Hochschild found consistent resentment about the charge that these Southerners were racists. They pointed out that they did not use the N word and did not hate African Americans. From the point of view of many white liberals, this scenario underplays the force of institutional racism, the enduring effects of seniority systems, vastly different school systems, decayed urban neighborhoods, resumes stained by undeserved prison records, old boy networks — all of which operate to the disadvantage of African Americans even without any intended malice.

Giving such a concept a presence in the dialogue may be difficult but not impossible. How one holds and expresses central doctrines and narratives is as important as the doctrine itself. By this I mean the intensity of conviction, the willingness to explore the limits of one’s own convictions and the viability of alternatives as well as one’s attitude to purveyors of the alternatives.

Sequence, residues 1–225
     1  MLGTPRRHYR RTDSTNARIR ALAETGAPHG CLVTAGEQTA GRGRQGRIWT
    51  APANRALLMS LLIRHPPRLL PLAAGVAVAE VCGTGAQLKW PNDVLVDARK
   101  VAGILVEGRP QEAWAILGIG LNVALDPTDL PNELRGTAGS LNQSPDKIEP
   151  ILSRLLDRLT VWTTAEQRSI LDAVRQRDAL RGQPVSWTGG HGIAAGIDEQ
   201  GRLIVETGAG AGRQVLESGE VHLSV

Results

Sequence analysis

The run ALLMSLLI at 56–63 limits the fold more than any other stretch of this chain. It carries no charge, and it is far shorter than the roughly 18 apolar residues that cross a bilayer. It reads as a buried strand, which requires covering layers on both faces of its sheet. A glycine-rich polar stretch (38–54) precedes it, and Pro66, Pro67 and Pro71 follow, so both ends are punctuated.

Hochschild found that her own willingness to listen, to turn off her alarm system and constantly to seek to experience the world from the vantage point of her subjects paid off in some insights and in at least some possibility of constructive change. Thus one subject, a passionate fisherman whose livelihood and recreation had been destroyed by oil company pollution, regularly blamed the government:

“Although when I put it to him that the companies were taking tax money and giving gifts so as to cultivate gratitude, and that — forcing the state to be the bad guy, and that’s why he hated the state, he nodded his head yes. So not only are there crossover issues, there’s crossover thinking. It’s not that you agree on everything. And this book isn’t saying that we can, but it’s saying we can find common ground on certain issues and start there, and that a lot of people who think liberals are the enemy, and are insulting them and calling them reprehensible, are actually agreeing on a lot of things. So, there are possibilities — that’s what I’m saying — long-term possibilities, that I think the shoe is on our foot to reach across.”